• http://www.silverscreenriot.com SmartFilm

    In Theaters:
    This week I saw Last Vegas, The Counselor, 12 Years a Slave and Blue is the Warmest Color.

    Here's a snippet of my thoughts on The Counselor:

    "When we think Ridley Scott, typically big, lavish spectacles pop up in our minds, which is why The Counselor comes as such an admirable surprise. Much more interested in cautionary talks than fits of physical violence, The Counselor
    plays mind games with its audience, toying with us intellectually and
    emotionally. One long con bleeds into a slow climb towards a heady
    climax of inescapable comeuppances, and we have front row seats to the
    scramble. If Scott's former films are a series of taxing somatic
    workouts, The Counselor is the glistening sweat beading from
    his forehead once the Western dust has settled. Like a man with an
    agenda tucked up his sleeve, Scott wields an unblinkingly grim look at
    the allure of the international drug enterprise and the heartless
    abandon of cartel justice. As a piece of purely adult entertainment,
    it's fearlessly mature and irreverent - the antithesis of studio

    Read more here: http://www.silverscreenriot.com/home/showcase/428-out-in-theaters-the-counselor

    At home, I got into the Holiday spirit and watched some horror films and ventured out to the always amazing Cinerama Theater here in Seattle to catch a screening of The Shining. On that big screen with its haunting, screechy score blasting and Jack Nicholson's face 30 feet wide, you better believe it was one of the finest viewing experiences I can recall.

    I also gave 'Maniac' a chance and found think to like about it although it had a lot of serious problems. 'Maniac' depends on a POV conceit that gives the film a bit of unique character while also providing for some of its more embarrassing moments. Moments where Elijah Wood narrates to himself are laughable, but the laughs halt abruptly as scalps start popping off. As a frothy slasher flick, the gory goods help bandage the less flattering elements, making it watchable in spite of its serious issues.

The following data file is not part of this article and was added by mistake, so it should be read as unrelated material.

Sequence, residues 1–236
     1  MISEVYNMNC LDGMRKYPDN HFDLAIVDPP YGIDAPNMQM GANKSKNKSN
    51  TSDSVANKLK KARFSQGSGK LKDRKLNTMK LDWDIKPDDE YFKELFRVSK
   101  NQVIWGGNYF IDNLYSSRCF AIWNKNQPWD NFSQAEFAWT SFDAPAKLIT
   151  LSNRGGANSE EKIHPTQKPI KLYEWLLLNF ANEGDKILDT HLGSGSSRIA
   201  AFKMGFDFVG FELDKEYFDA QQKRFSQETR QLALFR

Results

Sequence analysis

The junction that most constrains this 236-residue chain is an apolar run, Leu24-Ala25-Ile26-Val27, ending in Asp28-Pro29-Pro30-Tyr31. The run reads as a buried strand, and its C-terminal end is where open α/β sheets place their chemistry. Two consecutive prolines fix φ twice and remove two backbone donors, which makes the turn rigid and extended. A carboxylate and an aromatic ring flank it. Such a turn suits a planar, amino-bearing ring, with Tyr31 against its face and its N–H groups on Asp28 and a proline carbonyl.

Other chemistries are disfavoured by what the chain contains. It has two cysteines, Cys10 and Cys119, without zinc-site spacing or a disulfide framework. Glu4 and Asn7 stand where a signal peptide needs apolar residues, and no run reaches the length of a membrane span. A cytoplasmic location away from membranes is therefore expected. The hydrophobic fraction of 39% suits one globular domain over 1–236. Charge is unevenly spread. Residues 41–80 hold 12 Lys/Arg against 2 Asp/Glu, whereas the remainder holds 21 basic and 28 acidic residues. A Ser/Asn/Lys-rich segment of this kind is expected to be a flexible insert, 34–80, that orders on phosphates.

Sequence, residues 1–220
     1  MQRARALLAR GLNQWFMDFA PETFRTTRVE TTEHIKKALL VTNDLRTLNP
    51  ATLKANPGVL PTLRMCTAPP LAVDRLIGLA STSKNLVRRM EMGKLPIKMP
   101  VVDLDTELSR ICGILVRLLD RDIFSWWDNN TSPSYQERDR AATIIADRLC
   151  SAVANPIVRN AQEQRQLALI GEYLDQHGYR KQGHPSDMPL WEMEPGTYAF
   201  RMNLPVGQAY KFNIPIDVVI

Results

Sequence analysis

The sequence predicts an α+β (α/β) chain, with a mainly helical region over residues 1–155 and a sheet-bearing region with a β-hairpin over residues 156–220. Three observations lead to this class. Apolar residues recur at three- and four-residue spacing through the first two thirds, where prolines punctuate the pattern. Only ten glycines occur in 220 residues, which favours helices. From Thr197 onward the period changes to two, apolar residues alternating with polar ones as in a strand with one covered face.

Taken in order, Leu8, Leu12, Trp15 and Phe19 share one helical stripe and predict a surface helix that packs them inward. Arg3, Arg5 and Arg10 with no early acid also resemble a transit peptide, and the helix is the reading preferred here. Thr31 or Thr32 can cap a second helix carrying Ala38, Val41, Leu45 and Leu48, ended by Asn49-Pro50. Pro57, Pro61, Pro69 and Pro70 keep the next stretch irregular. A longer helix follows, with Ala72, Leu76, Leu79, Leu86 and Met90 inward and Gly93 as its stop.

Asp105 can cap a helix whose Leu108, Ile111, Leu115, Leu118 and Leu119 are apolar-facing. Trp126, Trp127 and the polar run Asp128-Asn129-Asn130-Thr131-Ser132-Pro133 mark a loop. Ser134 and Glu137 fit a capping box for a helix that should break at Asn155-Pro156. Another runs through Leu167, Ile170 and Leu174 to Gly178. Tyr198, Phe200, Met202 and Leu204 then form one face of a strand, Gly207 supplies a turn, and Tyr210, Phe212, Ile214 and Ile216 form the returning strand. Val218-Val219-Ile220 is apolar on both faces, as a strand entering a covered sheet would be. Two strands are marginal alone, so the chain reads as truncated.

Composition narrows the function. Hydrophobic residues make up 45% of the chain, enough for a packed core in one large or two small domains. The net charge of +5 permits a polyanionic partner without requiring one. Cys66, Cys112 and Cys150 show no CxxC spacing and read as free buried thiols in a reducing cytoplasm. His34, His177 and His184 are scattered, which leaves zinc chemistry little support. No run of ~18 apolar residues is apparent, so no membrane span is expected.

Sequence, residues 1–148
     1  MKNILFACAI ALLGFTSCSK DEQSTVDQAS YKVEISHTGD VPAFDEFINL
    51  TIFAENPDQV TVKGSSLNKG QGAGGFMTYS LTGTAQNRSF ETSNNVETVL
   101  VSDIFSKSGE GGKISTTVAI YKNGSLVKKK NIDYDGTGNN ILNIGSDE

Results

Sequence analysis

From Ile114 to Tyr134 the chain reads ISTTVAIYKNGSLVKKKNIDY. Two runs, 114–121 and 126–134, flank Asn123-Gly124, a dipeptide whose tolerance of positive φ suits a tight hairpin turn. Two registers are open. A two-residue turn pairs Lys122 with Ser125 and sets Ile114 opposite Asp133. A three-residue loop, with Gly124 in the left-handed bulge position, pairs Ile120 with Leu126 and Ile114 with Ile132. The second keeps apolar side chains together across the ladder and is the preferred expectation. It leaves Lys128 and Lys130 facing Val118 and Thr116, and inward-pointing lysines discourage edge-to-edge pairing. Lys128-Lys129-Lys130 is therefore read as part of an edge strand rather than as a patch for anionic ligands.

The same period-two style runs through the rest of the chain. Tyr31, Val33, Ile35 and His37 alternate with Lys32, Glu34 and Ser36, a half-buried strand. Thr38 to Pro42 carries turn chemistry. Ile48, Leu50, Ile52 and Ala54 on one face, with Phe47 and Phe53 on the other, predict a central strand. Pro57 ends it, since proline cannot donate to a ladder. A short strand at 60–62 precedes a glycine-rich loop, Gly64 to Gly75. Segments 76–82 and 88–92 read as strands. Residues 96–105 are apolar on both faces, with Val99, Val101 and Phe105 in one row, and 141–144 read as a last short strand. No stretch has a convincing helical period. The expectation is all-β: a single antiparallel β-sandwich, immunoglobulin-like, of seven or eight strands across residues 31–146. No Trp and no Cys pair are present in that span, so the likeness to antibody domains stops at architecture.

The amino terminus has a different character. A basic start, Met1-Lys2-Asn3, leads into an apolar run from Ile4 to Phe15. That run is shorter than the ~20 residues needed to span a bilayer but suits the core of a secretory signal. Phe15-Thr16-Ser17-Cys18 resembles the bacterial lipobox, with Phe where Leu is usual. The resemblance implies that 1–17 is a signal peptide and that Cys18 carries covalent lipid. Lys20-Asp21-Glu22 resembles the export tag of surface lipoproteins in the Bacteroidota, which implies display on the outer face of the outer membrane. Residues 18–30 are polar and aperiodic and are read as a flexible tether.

Did anyone else "like" the Counselor? Either way, what did you think of McCarthy as a screenwriter?

    Also, have people been getting to see 12 Years a Slave yet? Any thoughts on the use of violence in McQueen's storytelling? Do you find it necessary?

  • http://gravatar.com/alexmeatlog Alexander Meatlog

    Burke And Hare- Good ole Johnny Landis! No one does Silly like Landis. Like when he dropped that helicopter on Roy Turner. Wacky!

    WRONG- Awesome, loved Rubber. Can't wait to see Wrong Cops. Fichtner has been turning in spot on performances since Liman's GO.

    Premium Rush & Stir Of Echoes- David Koepp double feature. Preppin' for Shadow Recruit. Both solid films. One of the best Matheson adaptations right along side Somewhere in Time. JoGo brought me back to the days of Bacon vs Cowboy Curtis on a ten speed. Take Shelter Shannon is always scary.

    Goonies-Upgrade to blu. "I want a bottle of fettucine, ah 1981."

  • interiris

    Last Saturday I saw Only Lover Left Alive at the London Film Festival and it exceeded my expectations. I saw An Education which is nothing special apart from an early Carey Mulligan's performance and she shines in it. I also went to see an encore live broadcast from the National of Rory Kinnear's Hamlet which won rave reviews a few years ago.

    • http://www.ropeofsilicon.com/ Brad Brevet

      Only Lovers Left Alive is surprisingly good isn't it? I think it could have ended about 5-10 minutes earlier, but other than that I quite enjoyed it.

  • http://www.ropeofsilicon.com/profile/RonOnealFresh/ Ron Oneal Fresh

    The Counselor (2013) Spots of great philosophical dialogue about life, death,